The teams on the court, however, are providing precious little challenge. The Lakers aren't only beating opponents; they are demoralizing them. In the first round they hastened the firing of Portland Trail Blazers coach Mike Dunleavy, whose team devolved into a squabbling, whining mess by the first half of Game 1 (though admittedly the fragile Blazers only needed a nudge to send them over the edge). In Round 2 Los Angeles, particularly O'Neal, battered both the Sacramento Kings' bodies and their self-esteem. "I would say our confidence is shaken a little bit—at least mine is," Sacramento backup center Scot Pollard said after Game 2. One game later Kings All-Star forward Chris Webber described himself as "wallowing in self-pity."

Yet those teams were giddy optimists compared with the Spurs, who appeared to realize during their 104-90 loss in Game 1 mat they were in over their heads. L.A. took the first two games in San Antonio, then subjected the Spurs to a pair of thrashings at the Staples Center, by 39 and 29 points, mat could leave them traumatized. Former heavyweight champ Mike Tyson, who sat along the baseline for Game 4, no doubt recognized the dazed look in the Spurs' eyes. "Believe it or not," San Antonio guard Derek Anderson said after being blown out 111-72 in Game 3, "a week ago we thought we could beat these guys."

The Spurs didn't lose their heart; Los Angeles took it from them. No conference finalist in recent memory has so clearly outclassed its opponents. At week's end the Lakers' average margin of victory in the postseason, 15-5 points, was larger than any championship team's ever. They have played dogged defense—especially against the Spurs, whom they hounded into 38.4% shooting—while on offense the ball fairly whistles as they whip it inside, outside and around the perimeter. That crisp passing has forced teams to rotate to keep up, a losing battle mat has often left Bryant, Fisher, Rick Fox and Brian Shaw either with open jump shots or with defenders running at them, allowing them to pump-fake and penetrate. Against San Antonio, one of the top defensive teams in league history, L.A. shot a torrid 47.1%.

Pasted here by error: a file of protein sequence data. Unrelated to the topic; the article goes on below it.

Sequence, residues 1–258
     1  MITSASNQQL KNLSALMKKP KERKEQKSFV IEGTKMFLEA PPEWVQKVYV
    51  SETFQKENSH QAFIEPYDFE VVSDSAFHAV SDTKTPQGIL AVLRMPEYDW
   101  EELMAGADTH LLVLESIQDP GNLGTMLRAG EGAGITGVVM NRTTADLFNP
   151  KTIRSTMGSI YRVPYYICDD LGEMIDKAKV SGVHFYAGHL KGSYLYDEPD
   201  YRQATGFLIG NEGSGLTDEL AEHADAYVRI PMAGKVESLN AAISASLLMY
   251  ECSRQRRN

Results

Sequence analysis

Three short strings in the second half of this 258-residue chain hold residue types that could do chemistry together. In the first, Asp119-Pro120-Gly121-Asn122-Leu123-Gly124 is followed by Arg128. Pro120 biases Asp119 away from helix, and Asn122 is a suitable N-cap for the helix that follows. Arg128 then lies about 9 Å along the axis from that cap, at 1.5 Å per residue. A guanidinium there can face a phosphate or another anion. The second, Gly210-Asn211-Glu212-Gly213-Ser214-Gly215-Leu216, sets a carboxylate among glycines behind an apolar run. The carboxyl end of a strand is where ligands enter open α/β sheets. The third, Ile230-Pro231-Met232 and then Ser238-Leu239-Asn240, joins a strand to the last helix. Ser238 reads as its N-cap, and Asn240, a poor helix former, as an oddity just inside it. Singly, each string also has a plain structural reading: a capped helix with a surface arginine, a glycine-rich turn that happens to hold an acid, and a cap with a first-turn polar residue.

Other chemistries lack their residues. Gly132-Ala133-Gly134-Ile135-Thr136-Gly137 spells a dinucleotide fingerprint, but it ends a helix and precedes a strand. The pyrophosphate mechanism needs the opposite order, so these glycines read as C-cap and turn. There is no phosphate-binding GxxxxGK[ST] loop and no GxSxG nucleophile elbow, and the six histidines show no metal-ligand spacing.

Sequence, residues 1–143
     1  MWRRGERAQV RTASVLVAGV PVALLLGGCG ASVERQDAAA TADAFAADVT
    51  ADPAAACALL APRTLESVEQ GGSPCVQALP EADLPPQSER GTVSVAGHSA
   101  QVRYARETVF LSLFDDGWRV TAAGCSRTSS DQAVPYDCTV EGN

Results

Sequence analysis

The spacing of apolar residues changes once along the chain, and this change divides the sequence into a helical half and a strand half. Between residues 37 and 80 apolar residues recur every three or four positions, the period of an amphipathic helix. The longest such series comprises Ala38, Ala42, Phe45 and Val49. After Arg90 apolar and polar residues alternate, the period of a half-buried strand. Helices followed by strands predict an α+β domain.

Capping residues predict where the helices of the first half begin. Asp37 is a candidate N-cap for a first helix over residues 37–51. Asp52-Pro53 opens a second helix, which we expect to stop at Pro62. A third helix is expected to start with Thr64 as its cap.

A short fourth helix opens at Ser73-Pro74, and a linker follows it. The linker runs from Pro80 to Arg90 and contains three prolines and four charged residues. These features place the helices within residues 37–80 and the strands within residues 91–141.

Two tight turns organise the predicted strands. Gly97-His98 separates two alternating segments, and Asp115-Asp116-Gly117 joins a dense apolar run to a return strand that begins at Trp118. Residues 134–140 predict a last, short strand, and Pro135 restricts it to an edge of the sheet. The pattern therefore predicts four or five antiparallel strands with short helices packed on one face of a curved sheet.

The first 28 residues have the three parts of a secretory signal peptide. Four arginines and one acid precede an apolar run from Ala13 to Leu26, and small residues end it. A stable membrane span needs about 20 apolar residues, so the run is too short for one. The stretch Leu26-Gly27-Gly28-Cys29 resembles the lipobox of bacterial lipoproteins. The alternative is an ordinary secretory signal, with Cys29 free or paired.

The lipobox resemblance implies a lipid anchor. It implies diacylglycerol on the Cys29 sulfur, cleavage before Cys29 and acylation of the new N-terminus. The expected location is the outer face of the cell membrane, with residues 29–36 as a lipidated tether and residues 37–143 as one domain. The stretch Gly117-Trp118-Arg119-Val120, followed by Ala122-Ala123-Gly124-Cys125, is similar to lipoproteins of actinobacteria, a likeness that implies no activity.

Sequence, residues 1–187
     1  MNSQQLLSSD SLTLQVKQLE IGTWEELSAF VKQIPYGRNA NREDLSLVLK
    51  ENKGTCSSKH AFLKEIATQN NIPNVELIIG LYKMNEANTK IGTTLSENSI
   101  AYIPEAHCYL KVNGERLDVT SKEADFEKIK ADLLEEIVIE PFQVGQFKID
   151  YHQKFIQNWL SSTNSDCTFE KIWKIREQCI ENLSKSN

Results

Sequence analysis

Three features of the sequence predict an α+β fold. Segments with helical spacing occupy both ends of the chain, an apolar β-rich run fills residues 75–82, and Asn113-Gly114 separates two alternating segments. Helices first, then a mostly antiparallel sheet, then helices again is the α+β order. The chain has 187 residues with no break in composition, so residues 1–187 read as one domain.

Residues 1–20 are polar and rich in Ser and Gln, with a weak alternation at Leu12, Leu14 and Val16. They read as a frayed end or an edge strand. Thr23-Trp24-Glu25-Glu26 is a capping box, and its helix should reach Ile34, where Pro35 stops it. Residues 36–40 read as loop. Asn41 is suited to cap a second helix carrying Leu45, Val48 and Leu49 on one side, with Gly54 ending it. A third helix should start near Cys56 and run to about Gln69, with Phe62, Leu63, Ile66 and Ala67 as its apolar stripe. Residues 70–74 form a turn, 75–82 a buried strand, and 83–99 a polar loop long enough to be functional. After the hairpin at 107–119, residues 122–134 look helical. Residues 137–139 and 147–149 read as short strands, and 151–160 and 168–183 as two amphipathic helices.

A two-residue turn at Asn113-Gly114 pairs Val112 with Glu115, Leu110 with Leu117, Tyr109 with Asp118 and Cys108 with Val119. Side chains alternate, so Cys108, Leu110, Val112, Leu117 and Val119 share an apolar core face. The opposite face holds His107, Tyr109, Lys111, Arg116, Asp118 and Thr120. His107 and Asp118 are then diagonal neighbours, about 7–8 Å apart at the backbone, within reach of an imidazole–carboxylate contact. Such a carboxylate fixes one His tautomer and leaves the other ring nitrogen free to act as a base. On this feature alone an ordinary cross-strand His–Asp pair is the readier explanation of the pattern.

No one in the Lakers' supporting cast has taken better advantage of these offensive opportunities man Fisher, who missed the first 62 games of the season recovering from surgery to repair a stress fracture in his foot. His performance on Sunday, when he led the team with 28 points and made 11 of 13 shots, including six of seven three-pointers, was the best of his outstanding postseason. At week's end he had made 25 of 49 three-point attempts while committing only six turnovers in 418 minutes. Although L.A.'s dominance has been widely attributed to the cease-fire in Bryant's and O'Neal's who's-the-man? hostilities, Fisher's return had a galvanizing effect. The Lakers, who went 41-21 in Fisher's absence, are 26-5 since his return. "The key to this whole thing is right down there," said Los Angeles forward Robert Horry, pointing to Fisher's locker after Game 3. "When that cat put his uniform back on, it all started to come together."

Although Fisher, 26, has always been a hard-nosed defender known for his ability to draw charging fouls, his newly developed marksmanship—he shot 38.5% from the floor before this year—was an unexpected bonus. "For three or four months after the surgery I couldn't do much running or jumping, so all I could do was shoot," he says. "Now it's paying off."